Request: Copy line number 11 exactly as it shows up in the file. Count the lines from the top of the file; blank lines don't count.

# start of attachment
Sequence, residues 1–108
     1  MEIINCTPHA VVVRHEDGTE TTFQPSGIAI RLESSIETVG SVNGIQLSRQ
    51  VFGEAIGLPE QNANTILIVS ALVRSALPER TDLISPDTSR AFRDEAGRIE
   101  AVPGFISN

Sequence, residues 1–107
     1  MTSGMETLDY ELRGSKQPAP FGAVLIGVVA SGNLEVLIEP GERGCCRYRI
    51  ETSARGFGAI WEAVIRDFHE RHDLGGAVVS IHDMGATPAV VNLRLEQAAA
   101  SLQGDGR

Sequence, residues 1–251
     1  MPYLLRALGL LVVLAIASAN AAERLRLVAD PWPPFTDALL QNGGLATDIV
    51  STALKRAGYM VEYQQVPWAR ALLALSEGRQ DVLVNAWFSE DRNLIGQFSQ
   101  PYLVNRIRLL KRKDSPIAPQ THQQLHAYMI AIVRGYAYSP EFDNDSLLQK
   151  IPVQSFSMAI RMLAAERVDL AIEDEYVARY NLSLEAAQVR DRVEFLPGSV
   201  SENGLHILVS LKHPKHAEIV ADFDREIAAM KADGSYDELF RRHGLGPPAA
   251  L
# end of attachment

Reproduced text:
    51  STALKRAGYM VEYQQVPWAR ALLALSEGRQ DVLVNAWFSE DRNLIGQFSQ